This review covers the recent (September 2013) release by MACO of this German, late-WW2 self-propelled antiaircraft gun.
The historical terminology and technical information I use is from Panzer Tracts No. 12, a series of books I have great confidence in. In the review I will use the
short nickname Moebelwagen which translates to "furniture van" because of its box-like shape, and I will use Panzer Tracts spelling of "Moebelwagen" rather
than that used by MACO and some other authors.
The vehicle appears to be a simple conversion of the Panzerkampwagen IV tank with an open top to carry a 3.7cm Flak 43 antiaircraft cannon. The Moebelwagen was also
produced mounting the 2cm Flakvierling AA gun which should be a reasonably easy conversion using this MACO kit. This kit is the later production Moebelwagen with
single 2.5-cm thick compartment (superstructure) sides. The initial production of 20 Moebelwagens were made with superstructure sides composed of two spaced 12mm
I very much appreciate this model release as it is the first one of these vehicles released in 1/72-scale plastic, though I have seen it offered as a resin model
A Look At The Box Art (What
is supposed to be in the box)
Above we see what appears to me to be a computer-generated box art of the Moebelwagen superimposed on a photograph. The
vehicle is in what MACO refers to as variation 2, with the 25mm thick Moebelwagen armor sides partially lowered for combat. In the assembly instructions
MACO describes variation 1 as with the sides up vertical for travel, and variation 3, as with the four sides fully lowered horizontal for all-round firing.
In this view of the right rear we can see the two spare roadwheels mounted on the upper rear, and see the cylindrical muffler like that used on the Panzer IV Ausf. H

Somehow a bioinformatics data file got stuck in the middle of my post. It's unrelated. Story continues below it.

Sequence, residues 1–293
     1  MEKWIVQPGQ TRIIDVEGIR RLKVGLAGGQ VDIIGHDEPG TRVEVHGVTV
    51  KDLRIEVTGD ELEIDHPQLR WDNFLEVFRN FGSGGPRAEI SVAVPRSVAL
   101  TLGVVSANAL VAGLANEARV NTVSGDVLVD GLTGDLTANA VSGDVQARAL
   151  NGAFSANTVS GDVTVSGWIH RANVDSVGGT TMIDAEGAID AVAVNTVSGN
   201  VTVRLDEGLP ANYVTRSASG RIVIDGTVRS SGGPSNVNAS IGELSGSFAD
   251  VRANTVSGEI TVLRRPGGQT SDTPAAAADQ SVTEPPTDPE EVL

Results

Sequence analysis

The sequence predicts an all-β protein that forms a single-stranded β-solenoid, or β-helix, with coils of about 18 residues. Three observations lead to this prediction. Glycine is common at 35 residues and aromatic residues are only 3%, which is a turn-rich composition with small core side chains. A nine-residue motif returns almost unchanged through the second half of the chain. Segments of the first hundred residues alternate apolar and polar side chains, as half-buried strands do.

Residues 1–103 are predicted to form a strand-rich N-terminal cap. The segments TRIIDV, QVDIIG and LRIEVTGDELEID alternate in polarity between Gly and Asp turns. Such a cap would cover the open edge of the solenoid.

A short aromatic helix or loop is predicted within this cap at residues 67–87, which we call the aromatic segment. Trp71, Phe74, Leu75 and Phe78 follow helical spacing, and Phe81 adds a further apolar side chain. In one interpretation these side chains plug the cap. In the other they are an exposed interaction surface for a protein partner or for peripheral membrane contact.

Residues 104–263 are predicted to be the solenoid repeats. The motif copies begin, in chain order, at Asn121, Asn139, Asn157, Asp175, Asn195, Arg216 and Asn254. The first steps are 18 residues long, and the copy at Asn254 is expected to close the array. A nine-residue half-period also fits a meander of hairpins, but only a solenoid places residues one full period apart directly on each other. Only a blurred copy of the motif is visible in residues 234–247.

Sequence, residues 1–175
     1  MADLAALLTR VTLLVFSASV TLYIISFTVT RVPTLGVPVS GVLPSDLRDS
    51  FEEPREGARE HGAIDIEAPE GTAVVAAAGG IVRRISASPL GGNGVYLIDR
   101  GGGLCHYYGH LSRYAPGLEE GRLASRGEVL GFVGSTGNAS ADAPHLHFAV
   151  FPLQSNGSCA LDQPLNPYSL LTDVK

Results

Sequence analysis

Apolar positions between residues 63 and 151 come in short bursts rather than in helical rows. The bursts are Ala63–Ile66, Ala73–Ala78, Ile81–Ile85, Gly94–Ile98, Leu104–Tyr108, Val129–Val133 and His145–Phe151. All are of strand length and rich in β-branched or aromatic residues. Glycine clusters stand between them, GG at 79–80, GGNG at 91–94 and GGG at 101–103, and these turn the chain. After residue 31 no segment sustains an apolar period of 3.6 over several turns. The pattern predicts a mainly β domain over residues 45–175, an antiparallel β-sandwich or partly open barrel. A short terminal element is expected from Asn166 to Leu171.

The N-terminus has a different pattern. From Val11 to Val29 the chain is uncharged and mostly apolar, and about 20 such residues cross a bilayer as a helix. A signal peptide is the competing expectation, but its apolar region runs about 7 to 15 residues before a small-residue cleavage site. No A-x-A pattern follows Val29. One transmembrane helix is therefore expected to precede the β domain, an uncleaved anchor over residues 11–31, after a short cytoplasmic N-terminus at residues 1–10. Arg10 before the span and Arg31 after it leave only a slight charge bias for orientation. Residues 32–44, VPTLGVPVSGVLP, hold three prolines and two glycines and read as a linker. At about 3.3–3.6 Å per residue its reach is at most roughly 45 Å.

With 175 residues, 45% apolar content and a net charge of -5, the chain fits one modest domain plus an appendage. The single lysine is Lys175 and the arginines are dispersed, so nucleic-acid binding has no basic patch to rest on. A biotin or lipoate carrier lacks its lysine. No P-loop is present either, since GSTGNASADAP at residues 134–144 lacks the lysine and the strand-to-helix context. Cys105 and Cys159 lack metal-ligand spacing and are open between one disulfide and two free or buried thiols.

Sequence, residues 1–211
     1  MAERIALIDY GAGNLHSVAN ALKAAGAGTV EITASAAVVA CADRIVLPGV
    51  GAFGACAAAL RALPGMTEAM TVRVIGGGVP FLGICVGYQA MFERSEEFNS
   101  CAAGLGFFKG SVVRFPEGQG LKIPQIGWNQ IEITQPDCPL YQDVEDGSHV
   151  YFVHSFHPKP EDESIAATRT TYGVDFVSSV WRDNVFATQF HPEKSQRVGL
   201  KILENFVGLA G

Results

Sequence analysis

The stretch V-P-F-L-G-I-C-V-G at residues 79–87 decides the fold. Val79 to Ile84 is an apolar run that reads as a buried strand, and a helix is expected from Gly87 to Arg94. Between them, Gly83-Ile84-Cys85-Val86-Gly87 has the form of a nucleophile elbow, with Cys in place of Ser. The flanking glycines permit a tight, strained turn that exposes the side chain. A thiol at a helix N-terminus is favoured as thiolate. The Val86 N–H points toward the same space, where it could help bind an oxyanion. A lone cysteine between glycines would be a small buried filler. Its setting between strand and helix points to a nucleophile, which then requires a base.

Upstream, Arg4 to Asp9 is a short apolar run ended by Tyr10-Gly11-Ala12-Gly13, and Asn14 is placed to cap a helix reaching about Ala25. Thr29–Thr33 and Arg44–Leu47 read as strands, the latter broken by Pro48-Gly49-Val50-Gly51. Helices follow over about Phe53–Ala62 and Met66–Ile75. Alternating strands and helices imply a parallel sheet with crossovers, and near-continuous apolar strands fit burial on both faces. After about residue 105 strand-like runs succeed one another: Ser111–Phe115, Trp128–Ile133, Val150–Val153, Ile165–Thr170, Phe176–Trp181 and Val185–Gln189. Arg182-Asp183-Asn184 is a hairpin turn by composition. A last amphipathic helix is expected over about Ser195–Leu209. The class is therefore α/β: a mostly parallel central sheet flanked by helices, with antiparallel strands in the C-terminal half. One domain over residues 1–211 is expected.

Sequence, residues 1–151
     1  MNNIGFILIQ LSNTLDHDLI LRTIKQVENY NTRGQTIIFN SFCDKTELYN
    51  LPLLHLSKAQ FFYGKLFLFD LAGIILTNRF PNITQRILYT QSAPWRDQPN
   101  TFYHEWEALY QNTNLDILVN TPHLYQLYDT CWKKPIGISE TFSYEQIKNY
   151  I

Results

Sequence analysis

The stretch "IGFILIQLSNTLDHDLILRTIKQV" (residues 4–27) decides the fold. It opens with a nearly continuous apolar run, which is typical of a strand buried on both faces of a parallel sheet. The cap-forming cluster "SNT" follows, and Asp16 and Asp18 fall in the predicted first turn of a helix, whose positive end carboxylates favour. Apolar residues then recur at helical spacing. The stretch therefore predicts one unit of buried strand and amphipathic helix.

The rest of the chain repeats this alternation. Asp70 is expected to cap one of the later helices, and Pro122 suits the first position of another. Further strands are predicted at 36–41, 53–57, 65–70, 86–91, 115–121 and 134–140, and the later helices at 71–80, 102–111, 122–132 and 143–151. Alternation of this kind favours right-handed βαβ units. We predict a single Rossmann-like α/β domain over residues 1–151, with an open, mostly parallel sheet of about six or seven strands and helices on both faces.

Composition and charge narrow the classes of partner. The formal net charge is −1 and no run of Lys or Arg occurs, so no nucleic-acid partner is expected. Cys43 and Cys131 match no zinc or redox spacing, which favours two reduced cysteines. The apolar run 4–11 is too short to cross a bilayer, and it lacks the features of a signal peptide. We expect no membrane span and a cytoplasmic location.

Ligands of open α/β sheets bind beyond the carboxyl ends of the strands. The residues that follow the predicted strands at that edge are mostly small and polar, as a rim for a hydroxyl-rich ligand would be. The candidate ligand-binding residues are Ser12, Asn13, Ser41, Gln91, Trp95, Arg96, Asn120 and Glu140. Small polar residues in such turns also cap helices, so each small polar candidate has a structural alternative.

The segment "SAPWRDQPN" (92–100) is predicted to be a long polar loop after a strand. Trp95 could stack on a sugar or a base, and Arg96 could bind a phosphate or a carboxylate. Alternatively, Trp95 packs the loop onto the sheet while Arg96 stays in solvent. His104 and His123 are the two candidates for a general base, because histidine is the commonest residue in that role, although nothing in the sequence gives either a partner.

At the left rear corner we see the copper rod antenna rising vertically. In plans and photographs the antenna is seen sticking back 45 degrees, with some sort of
rod connection to the crew compartment. I suspect this was a method to lower the antenna back out of the way unlike the Pz. IV tank, which appears to have a rigidly
mounted antenna base in this location.
MACO's Moebelwagen is painted in a three-color camouflage pattern of green and brown over dark (panzer) yellow. On the rear plate is a white ghost cartoon and the
kit directions describe this as a vehicle of the 11 Panzer Division serving in France, 1944.
The Kit Parts
All the parts are injection-molded styrene plastic, there are no etched brass or resin parts, and no crew figures. About 1/3 of the parts are supplied by
MACO in pale yellow styrene, and about 2/3 of the parts are from Revell's Pz IV Ausf. H kit. Within my kit I counted 34 MACO parts for the Flak 43 gun
and 37 parts for the Moebelwagen upper hull. Revell supplies about 96 parts for the suspension and lower hull, and 46 parts for the link & length
tracks. The parts supplied by both MACO and Revell are well molded.
Sprue C here from MACO includes the upper hull (part C29) with large open fighting compartment at far left. In the center are the many parts for the gun shield and the crew compartment shields. Many of the parts appear very fragile so cut them from the sprue very carefully.